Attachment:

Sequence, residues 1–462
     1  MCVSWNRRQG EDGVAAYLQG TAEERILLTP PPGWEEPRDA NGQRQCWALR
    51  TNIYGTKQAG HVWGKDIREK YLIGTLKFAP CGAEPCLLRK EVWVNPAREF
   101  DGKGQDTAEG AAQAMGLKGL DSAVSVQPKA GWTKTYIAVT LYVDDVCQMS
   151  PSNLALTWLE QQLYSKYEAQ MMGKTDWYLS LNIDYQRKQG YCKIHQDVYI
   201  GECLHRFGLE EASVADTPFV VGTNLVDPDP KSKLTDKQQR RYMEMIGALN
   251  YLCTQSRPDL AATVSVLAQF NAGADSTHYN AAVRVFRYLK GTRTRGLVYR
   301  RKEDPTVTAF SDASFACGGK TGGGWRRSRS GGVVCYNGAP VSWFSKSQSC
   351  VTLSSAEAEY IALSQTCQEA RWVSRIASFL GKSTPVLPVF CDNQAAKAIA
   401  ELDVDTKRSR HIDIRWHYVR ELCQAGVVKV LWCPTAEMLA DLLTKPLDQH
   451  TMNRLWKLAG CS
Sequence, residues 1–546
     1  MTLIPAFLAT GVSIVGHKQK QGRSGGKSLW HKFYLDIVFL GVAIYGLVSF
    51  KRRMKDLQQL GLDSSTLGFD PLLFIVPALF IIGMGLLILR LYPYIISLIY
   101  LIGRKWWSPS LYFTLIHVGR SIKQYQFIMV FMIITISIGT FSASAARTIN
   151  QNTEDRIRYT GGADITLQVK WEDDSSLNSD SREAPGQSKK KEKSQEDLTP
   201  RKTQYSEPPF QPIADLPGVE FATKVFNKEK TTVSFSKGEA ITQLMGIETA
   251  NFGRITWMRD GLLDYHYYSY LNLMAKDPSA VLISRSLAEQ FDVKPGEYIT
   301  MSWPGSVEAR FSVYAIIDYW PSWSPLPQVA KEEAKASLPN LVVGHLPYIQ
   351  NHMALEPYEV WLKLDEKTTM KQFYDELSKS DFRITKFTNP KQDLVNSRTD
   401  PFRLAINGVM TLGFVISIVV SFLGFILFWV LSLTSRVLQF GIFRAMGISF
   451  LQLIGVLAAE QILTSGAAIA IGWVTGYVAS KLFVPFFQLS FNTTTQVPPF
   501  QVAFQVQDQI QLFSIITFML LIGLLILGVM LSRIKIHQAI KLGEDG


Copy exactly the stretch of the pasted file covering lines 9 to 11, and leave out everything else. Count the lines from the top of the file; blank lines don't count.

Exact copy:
   351  VTLSSAEAEY IALSQTCQEA RWVSRIASFL GKSTPVLPVF CDNQAAKAIA
   401  ELDVDTKRSR HIDIRWHYVR ELCQAGVVKV LWCPTAEMLA DLLTKPLDQH
   451  TMNRLWKLAG CS